Finally, the present work also addresses two longstanding concerns about the SCWT. That is, some have taken issue with the fact that there is no standard version of the SCWT with respect to its materials, administration, and scoring. However, we present data here on the Clark University Stroop Color-Word Test, which has been employed in a number of investigations for some time now, and recommend its continued usage on a much larger scale. Although the videotaping of subjects’ SCWT performance might have at one point in time been considered daunting and cumbersome, the widespread proliferation of smartphones with filming capabilities has somewhat muted this criticism. Further, although a single study in the literature [40-42] has proposed the video-recorded SCWT as a new model of experimentally-induced anxiety, our participants typically acclimate easily to performing the task while being filmed regardless of whether the technology is older or newer.

Second, others have criticized existent SCWT work of which there is much on the basis that there has been no real attempt by any one individual to develop comprehensive SCWT norms. While we agree with the sentiment that this lofty goal has not been attempted by any one researcher alone, here we have attempted to draw the reader’s attention to the numerous studies - past, present, and future - that have been generated against the backdrop of Werner’s [18] comparative developmental theory. Collectively, these studies have the potential to be integrated into a comprehensive set of SCWT norms with potential applicability to those in the normal population as well as to those who exhibit a variety of conditions (e.g., psychopathology, neuropathology) and to those who reside in different sociocultural contexts (broadly defined). In these ways, we also hope through this work to demonstrate to others the potential usefulness of grand theories that cut across differing aspects of persons and of environments toward maintaining and further developing a unified psychological science.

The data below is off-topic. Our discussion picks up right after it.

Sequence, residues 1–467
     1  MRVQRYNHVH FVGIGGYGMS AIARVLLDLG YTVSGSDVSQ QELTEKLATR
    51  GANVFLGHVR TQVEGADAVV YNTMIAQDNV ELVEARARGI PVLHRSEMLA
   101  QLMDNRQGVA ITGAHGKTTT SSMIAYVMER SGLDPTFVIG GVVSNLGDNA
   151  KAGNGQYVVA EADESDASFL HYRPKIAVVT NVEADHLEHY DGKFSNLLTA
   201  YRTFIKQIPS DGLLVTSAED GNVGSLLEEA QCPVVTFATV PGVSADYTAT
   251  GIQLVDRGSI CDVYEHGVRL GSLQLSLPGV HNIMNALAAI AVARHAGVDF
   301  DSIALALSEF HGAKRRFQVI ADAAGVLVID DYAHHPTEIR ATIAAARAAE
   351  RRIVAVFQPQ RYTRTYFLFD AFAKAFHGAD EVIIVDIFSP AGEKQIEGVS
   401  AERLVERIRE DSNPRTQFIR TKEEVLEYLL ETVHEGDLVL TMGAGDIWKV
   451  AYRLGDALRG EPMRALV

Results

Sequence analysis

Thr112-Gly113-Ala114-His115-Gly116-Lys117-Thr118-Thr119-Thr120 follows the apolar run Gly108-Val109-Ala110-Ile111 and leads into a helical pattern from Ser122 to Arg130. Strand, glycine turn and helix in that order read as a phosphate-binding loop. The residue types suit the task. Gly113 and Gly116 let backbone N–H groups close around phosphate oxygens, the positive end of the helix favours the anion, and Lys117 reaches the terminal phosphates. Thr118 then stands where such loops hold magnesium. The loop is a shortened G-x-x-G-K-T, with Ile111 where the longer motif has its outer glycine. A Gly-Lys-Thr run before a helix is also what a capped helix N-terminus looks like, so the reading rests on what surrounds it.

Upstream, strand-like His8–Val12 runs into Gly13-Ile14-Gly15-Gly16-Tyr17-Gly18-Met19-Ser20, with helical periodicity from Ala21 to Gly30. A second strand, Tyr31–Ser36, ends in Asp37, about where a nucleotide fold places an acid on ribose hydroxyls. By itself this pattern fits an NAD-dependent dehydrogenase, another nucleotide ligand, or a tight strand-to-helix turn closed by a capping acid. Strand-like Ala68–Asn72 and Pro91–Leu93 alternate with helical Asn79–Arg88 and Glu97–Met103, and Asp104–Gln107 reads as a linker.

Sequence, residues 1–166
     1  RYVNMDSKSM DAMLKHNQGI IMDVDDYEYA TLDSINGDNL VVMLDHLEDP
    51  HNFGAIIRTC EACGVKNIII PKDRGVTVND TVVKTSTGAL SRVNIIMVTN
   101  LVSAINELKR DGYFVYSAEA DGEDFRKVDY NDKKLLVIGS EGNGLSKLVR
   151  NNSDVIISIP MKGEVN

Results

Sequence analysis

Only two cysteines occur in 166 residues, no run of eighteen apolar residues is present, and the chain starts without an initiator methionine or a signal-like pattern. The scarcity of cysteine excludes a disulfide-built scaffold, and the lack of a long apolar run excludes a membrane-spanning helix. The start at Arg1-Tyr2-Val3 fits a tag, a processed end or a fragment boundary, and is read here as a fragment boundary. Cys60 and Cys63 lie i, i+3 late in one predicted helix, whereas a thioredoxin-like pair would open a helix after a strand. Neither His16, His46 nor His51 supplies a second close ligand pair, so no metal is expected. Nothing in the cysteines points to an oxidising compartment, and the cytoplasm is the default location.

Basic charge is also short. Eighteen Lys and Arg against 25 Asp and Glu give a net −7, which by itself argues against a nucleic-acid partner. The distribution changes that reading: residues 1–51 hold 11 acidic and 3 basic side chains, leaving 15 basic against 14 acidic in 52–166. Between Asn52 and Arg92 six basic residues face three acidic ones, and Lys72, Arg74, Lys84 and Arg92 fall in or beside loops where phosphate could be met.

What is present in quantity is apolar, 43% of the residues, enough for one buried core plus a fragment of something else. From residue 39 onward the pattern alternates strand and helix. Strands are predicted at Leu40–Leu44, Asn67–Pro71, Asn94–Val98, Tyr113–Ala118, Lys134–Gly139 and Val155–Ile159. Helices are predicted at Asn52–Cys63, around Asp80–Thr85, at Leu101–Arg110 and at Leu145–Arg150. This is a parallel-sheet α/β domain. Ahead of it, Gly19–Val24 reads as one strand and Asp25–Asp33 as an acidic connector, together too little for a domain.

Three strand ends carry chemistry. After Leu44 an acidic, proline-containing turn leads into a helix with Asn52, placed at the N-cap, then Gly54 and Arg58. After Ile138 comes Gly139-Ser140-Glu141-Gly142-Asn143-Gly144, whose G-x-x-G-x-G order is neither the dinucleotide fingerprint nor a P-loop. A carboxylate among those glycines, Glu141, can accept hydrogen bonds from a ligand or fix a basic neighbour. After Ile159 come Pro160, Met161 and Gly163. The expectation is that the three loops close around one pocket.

1Some sources (e.g., Jensen and Rohwer) have dated the origins of the SCWT to significantly earlier, that is, to 1883 when the father of psychology, Wilhelm Wundt, suggested to one of his students, James McKeenCattell, that he conduct the research for his doctoral dissertation on the time it takes for one to name objects and colors and to read the corresponding words. Cattell [12] followed this advice and published the first experimental study on the relative speeds of color-naming and color-word reading, demonstrating faster reaction times for color-word reading than for color-naming.

2For extensions of Werner’s (1957) organismic-developmental theory, the interested reader is referred to Wapner and Demick’s (1998) holistic, developmental systemsoriented approach to person-in-environment functioning across the life span and to Demick’s (2014, 2016) more recent reframing of the latter into holistic/systemsdevelopmental theory.